In the instant case, the employer had deducted and paid tax on the amount of salary income of its employees by estimate. The ITO has not found that the estimate by the employer was not fair or honest. The Commissioner (Appeals), while dealing with this matter, found that the estimate made by the employer was bona fide. The Tribunal has not reversed that finding. The Tribunal has merely held that the employer did not correctly estimate the salary income in accordance with the provisions of the Act, the Rules and the instructions issued by the Central Govt. from time to time. The Tribunal has thus not found that the estimate of the income of its employees, for the purpose of deducting tax from their salary, made by the employer, was not fair or honest.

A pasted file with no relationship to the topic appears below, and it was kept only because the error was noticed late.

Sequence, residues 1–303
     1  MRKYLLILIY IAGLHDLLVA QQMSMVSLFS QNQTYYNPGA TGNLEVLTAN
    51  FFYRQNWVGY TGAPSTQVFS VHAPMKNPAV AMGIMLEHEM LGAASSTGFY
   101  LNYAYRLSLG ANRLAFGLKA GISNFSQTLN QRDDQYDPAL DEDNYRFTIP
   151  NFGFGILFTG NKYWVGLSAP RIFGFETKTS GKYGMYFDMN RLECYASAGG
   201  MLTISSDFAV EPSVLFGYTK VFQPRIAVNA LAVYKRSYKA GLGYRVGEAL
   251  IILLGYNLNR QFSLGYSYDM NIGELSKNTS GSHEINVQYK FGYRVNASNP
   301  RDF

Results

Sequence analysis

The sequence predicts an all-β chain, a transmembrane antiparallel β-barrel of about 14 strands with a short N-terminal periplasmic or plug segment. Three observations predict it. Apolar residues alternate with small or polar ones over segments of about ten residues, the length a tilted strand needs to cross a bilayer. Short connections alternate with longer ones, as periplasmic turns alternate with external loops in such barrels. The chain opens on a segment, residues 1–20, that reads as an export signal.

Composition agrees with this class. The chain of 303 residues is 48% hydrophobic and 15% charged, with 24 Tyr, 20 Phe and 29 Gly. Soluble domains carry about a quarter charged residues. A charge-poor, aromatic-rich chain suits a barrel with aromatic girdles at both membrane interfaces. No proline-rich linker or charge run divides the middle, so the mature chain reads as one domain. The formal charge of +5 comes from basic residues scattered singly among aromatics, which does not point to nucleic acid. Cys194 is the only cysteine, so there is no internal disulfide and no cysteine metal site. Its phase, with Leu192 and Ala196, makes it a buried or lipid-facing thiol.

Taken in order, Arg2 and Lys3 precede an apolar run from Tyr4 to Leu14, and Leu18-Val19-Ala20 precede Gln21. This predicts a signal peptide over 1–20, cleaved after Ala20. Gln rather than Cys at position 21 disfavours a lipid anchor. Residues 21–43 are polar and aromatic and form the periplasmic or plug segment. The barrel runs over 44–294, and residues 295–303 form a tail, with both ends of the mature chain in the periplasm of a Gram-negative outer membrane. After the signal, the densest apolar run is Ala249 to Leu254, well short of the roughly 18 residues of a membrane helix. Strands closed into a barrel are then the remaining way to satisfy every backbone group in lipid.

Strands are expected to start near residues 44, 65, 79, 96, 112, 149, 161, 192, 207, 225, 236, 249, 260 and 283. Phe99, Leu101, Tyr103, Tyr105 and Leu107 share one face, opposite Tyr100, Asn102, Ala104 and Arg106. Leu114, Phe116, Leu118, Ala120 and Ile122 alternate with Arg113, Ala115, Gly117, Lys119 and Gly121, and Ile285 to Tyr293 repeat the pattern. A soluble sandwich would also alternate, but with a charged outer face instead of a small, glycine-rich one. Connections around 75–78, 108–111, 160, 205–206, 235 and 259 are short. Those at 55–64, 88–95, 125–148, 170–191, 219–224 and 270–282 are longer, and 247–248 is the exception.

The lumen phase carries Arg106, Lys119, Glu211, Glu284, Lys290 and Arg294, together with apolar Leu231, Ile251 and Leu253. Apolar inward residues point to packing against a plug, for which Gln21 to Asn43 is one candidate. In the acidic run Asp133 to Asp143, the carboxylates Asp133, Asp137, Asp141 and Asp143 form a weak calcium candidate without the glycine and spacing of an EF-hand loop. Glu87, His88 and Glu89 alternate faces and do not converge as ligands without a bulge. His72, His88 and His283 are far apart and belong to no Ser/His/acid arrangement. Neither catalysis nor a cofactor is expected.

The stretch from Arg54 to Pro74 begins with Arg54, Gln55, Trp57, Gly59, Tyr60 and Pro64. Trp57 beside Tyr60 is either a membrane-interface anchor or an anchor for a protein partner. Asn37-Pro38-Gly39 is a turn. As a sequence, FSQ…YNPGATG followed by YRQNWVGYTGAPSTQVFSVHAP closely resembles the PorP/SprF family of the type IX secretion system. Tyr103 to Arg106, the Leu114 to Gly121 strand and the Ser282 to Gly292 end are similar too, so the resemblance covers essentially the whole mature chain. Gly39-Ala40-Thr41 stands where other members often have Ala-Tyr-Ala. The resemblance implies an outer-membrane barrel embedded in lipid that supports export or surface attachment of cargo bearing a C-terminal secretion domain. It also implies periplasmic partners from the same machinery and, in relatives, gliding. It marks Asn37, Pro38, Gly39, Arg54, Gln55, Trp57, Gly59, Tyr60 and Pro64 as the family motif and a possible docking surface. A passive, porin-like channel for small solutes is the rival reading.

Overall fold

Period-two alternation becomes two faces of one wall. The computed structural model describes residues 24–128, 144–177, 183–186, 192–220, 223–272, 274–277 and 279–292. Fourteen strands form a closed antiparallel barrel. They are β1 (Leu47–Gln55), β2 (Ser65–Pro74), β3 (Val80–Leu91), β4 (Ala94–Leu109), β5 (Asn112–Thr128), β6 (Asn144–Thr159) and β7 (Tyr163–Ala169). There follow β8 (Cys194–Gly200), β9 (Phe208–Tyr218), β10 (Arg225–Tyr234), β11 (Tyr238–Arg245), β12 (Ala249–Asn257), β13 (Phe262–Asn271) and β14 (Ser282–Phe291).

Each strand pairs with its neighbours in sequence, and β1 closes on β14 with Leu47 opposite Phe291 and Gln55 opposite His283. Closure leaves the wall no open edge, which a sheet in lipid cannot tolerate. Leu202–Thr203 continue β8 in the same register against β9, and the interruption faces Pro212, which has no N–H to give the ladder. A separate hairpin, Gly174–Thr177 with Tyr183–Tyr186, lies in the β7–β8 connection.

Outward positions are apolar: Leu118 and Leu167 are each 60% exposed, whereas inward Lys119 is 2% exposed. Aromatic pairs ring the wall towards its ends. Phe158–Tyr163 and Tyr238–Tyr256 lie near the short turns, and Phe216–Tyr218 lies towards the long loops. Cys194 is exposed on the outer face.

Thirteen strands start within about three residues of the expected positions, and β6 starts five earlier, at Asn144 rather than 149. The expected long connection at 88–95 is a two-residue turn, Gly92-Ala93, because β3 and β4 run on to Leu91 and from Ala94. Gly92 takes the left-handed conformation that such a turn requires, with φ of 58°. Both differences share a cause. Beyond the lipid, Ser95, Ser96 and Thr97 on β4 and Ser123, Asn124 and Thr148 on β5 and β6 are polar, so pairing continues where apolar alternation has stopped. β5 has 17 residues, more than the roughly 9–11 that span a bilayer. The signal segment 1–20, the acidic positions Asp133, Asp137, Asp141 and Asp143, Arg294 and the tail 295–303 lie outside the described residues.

The question, then, that arises for consideration is whether, in such a case, the employer could be held to be an assessee in default in terms of Section 201(1) of the Act.
The provisions of Section 201 of the Act are attracted in the case of an employer only when that employer does not deduct or, after deducting, ‘ fails to pay the tax as required by the Act. We have already seen that the Act requires an employer to deduct and pay tax on the estimated income of his employee. A duty is cast on an employer to form an opinion about the tax liability of his employee in respect of the salary income. While forming this opinion, the employer is undoubtedly expected to. act honestly and fairly. But if it is found that the estimate made by the employer is incorrect, this fact alone, without anything more, would not inevitably lead to the inference that the employer has not acted honestly and fairly. Unless that inference can be reasonably raised against an employer, no fault can be found with him. It cannot be held that he has not deducted tax on the estimated income of the employee.
Gwalior Rayon Silk Co. Ltd. vs Commissioner Of Income-Tax (Madhya Pradesh High Court)